My Redeemer Lives

My Redeemer Lives

Job says to us, “For I know that my Redeemer lives, and He shall stand on the earth.” (Job 19:25-27) Do we understand the meaning of this and the Resurrection? *

Two thousand years worth of witness, testimony, miracles, life, messages. And until today, there are people who still doubt, who don’t really know. But here is Job, the author of the book. He writes, “For I know my Redeemer lives”. He knew – he was sure, he was definite. What about us? Are we sure? Are we definite? What does it mean to know that my Redeemer lives?

When I look at an icon of the Resurrection, what does that mean to me? Contrast this with people who not only heard about the Resurrection, but people who lived it. People like St. Peter, St. Thomas, the disciples on the way to Emmaus. People who saw, like Mary Magdalene. They had heard the messages, understood the prophecies, and yet they could not grasp what it meant to say the “Redeemer lives”. Yet here is Job, who knows – definitely – that his Redeemer lives. Look at the book of Isaiah or Job, which prophecy clearly about the Resurrection. It was all there.

Job says to us, “For I know that my Redeemer lives, and He shall stand on the earth.” What sort of faith is this? He knows He lives, and he knows He will stand, and stand in His glory and power, as the Creator of all. Look at the next verse: “and after my skin is destroyed.” This is a difficult verse, a negative connotation, painful in concept. Why contemplate this? How can you think about it? It’s frightening; people don’t like to think about pain or death or injury. But we look at Job and the way he says it – with joy, expectation, even enthusiasm. Job does not use flowery language to describe it – he says, “once my skin has been destroyed”. It’s a sort of breakdown of the skin, the flesh, the material aspect of his life. “For this I know, that in my flesh, I shall see God.” He is looking forward to the destruction of his flesh, because he realizes that after that, in his new life, his new flesh, his new resurrection, he will see the Lord.

How many of us are that sure? How many of us have that faith within us, that my spirit will live on, and even when my flesh is destroyed and I am no longer subject to the forces of this earth, I will see God. Not a maybe, not a perhaps, not sure. Not a safe answer or “let’s tag along”. Do you really believe in God? Well, some may say, “I see that He works in me sometimes. I read about the Body and Blood in the Bible, He was incarnate…” But what does that mean? Can you say with Job that once my body decays, once I am dead to this world, once I die and rise again, I will stand with the Lord and see Him? That’s what we need to know, feel, understand. “That in my flesh, I shall see God, who I shall see for myself, with my own eyes, and no one will tell me about it.” Can we understand this faith?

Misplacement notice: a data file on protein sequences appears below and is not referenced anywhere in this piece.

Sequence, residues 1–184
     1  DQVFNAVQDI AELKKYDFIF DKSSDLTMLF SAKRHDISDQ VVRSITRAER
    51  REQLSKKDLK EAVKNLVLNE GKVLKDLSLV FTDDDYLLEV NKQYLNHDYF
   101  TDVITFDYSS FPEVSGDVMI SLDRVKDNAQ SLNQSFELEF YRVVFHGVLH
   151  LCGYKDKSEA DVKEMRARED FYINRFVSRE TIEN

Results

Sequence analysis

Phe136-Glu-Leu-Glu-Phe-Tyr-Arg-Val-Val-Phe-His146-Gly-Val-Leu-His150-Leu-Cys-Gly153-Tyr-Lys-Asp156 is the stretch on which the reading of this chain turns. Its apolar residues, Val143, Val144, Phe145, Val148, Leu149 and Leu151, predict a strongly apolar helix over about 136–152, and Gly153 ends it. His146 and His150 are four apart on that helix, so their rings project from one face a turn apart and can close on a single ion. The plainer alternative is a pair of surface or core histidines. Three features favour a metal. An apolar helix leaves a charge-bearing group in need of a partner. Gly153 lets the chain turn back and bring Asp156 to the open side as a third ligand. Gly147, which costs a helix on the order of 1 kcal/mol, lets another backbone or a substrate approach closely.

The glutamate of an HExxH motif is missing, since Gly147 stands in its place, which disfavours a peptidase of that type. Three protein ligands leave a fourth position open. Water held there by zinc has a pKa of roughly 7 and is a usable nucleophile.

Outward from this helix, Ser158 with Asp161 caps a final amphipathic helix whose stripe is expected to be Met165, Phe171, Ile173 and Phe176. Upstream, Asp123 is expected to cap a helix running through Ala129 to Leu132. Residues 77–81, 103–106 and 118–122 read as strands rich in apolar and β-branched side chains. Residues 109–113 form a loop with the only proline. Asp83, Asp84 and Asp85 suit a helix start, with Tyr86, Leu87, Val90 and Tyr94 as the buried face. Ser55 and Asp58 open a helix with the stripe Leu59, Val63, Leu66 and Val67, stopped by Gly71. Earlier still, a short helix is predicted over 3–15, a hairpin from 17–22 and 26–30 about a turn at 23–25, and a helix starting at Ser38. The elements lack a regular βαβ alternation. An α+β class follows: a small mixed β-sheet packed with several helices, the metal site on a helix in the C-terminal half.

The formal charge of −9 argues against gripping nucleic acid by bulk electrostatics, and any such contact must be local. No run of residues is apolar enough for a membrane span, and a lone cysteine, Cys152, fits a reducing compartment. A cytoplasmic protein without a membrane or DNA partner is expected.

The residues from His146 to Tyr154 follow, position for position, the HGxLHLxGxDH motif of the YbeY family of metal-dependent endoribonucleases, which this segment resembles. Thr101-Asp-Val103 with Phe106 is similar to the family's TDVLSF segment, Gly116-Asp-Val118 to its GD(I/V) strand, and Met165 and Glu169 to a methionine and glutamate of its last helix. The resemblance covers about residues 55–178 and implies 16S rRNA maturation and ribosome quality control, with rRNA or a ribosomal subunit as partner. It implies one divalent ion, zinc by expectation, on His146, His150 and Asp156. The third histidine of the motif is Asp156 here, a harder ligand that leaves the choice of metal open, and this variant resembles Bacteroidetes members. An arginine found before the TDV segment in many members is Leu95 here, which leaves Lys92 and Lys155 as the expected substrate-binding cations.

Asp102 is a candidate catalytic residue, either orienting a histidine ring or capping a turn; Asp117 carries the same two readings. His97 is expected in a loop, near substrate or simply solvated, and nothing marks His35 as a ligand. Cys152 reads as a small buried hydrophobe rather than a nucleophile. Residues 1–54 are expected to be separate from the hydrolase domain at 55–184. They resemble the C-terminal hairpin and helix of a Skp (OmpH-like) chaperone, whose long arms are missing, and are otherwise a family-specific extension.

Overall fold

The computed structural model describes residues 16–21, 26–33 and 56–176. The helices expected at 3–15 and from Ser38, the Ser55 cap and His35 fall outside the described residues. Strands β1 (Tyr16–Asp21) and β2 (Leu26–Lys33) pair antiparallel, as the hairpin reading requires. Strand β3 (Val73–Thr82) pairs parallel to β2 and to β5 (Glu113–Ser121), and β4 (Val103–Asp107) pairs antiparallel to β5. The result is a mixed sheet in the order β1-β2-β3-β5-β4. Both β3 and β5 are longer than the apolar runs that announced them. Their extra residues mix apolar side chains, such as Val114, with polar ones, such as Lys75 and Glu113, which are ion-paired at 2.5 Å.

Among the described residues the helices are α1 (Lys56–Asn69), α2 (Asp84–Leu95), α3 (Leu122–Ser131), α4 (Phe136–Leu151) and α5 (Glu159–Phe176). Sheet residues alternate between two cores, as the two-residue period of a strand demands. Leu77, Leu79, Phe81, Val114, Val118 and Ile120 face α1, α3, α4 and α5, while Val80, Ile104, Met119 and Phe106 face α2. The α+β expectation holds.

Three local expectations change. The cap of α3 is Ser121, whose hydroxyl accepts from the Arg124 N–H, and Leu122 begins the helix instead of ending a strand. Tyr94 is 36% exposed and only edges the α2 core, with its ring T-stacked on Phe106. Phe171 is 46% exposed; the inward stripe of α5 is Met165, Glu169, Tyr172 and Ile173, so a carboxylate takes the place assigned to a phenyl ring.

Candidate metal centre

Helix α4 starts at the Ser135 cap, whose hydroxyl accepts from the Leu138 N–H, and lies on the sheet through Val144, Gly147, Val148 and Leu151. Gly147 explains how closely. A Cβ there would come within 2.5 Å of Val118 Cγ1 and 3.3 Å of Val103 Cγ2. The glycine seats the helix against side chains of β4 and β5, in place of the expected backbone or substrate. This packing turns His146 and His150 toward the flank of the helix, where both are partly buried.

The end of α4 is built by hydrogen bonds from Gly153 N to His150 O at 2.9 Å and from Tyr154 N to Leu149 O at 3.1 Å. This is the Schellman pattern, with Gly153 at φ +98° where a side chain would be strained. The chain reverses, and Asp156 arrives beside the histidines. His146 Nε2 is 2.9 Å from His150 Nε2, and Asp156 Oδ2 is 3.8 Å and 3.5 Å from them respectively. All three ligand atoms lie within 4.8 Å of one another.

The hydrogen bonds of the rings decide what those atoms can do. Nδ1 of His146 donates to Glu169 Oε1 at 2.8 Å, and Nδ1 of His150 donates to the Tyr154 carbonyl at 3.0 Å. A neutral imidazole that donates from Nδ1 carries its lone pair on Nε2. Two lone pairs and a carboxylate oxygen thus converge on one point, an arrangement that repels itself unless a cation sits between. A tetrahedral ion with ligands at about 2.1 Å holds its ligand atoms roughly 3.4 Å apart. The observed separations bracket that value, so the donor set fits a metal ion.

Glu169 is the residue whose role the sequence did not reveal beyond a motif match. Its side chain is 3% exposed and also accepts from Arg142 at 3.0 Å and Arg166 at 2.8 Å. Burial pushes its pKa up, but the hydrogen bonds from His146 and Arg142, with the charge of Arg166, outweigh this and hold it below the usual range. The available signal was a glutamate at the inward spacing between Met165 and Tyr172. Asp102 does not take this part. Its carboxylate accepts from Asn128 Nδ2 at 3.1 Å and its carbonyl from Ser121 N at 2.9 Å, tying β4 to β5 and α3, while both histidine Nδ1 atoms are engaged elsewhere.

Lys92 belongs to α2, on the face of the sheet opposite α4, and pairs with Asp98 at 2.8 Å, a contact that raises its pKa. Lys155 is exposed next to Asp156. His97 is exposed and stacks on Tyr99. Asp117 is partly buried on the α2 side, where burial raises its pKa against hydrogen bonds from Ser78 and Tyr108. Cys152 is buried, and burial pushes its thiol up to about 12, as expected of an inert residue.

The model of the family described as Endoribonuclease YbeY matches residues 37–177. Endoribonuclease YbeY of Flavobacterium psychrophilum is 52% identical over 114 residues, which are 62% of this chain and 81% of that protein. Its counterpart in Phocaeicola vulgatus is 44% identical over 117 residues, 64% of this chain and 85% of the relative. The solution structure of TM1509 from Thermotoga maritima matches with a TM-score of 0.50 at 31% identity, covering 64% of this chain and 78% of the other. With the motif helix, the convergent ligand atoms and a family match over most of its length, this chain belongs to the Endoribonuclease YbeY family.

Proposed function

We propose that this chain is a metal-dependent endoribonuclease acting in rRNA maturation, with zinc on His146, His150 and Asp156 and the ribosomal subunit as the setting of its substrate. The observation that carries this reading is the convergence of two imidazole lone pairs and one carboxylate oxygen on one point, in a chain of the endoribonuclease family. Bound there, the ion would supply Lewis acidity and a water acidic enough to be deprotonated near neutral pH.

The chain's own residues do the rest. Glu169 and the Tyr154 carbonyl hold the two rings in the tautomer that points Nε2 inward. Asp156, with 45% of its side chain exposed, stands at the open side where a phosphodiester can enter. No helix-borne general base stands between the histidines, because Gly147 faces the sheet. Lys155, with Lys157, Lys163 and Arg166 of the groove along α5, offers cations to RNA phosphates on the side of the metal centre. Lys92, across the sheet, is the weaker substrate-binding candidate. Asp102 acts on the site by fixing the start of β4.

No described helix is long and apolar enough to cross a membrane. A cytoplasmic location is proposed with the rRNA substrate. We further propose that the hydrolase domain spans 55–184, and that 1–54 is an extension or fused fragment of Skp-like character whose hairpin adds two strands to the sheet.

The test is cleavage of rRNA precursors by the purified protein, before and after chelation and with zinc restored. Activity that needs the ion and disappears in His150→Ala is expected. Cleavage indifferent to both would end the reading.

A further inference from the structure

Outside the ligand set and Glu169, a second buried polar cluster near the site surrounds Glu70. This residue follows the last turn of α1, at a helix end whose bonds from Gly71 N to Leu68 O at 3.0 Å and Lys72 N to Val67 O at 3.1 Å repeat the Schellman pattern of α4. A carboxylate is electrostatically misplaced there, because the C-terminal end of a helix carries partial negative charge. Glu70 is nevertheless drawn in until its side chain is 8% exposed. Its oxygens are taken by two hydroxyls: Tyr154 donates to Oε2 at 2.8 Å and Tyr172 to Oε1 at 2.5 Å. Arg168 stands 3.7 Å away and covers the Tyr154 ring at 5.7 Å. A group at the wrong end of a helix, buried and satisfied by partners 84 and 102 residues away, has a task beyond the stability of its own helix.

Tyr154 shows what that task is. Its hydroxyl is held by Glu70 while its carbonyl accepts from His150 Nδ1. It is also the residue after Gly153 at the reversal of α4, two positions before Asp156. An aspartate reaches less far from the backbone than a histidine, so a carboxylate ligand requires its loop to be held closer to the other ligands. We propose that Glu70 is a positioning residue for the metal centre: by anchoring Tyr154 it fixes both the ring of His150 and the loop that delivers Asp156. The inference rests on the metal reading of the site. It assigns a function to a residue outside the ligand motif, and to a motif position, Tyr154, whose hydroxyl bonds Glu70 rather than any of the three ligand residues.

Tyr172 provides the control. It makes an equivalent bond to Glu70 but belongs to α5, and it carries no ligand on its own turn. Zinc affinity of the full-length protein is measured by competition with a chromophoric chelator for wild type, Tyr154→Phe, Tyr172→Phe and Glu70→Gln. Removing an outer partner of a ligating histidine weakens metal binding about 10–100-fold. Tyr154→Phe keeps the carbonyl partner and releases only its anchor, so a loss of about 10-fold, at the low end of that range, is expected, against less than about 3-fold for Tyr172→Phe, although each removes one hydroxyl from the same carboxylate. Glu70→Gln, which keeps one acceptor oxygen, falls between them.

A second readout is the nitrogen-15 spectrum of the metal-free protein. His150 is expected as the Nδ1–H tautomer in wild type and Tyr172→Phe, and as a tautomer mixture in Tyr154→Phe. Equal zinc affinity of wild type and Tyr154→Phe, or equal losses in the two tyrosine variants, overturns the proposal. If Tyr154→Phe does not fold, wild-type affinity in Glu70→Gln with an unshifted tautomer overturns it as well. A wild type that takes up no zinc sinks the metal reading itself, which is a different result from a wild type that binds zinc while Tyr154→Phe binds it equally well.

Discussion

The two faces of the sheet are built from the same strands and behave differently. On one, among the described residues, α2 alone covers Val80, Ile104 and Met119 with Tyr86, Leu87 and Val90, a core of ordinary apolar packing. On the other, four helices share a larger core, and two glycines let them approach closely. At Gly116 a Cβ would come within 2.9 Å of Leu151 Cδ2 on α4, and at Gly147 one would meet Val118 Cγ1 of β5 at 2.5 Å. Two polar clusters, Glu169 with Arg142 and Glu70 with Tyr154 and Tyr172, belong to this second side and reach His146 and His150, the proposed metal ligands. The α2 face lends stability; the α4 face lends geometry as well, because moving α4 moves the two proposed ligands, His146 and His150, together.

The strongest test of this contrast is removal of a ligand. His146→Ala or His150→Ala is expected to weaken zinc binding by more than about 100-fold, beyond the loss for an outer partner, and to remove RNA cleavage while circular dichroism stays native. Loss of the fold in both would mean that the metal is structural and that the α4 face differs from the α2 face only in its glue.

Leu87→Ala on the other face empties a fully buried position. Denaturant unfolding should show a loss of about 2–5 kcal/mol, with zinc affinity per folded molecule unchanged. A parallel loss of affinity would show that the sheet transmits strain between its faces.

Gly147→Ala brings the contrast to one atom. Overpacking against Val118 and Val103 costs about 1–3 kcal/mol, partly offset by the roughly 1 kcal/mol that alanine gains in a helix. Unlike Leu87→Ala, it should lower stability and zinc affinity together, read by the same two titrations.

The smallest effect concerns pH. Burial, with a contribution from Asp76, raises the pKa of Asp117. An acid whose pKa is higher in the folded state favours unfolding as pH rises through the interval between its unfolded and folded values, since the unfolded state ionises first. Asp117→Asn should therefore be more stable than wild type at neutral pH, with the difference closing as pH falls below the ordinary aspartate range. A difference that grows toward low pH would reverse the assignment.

This is what holds us back. Why don’t we work toward the Kingdom? Because we are not sure. We think, “Why should I invest time in something I am not sure about?” Think about it – if we were 100% sure that we would see God in the day of the Resurrection, we would spend all our time to get there. If you knew for sure that stocks would pay good dividends, or that a property would increase in value on a certain date, you would buy. If you were sure that you would see God in the Day of Judgment, you would be living with Him now. How many of us can stand with Job and say, “I will see God, with my own eyes.” Again, Job must have been a very faithful man, because he was speaking based on prophecy, whereas we are speaking based on 2000 years of reality and testimony and history. It’s like me saying to you, “be careful, it is going to rain on Sunday.” And you stand confidently and say, “It IS going to rain on Sunday.” Very different from me coming to you in two weeks’ time and saying, “It rained on Sunday two weeks ago and I have seen it with my own eyes.” You have seen the rain, heard about it, felt it, just as you have seen, heard and felt the Resurrection.

There is no longer someone saying, “The Lord is coming and will raise Himself from the dead, or will redeem you and shed His blood.” The Lord has come, He has raised Himself from the dead, and has redeemed us. It is done already, it is finished. No more waiting. So why can’t we feel God?

Maybe this last part of the verse will shed some light. It says, “How my heart yearns within me.” That’s very expressive. It sounds poetic. It’s feeling, emotion, love. He yearns for his master, his Lord, his God. It’s not, “Yeah, I know He’s coming and I’m happy.” It’s not, “Are you coming to the wedding – no, I can’t because I have things to do.” Job’s heart yearns within him, he longs, he has anticipation and love and eagerness. When you go to see your friends, you have a yearning to see them. You can see it in the way people greet each other – some may be very eager to see you, but you respond coolly. Where is the yearning? Is this how we greet God?

Can you imagine how God would feel – He who created us, gave us life and breath. He who conquered death, arose and gave us life. He would come to greet us, and we would respond, “Um, do I know You?”

God would say, “Yes! I gave you life, I gave you My Spirit, image and likeness!”

“Uh, it’s starting to ring a bell…”

God: “I came and died on the Cross for you! I went to the tomb, I was there for 3 days, I went and picked up your brethren – Adam and the others- and brought them to Paradise.”

“Ah, yes, You look familiar. I think I know You.”

God: “But do you KNOW Me? Or just know OF Me?”

We look to the ground, walk away sadly. For we think that we know of Him, but we do not KNOW Him. Our hearts do not yearn to see Him. So what is the secret of Job? The secret is that you DO know Him.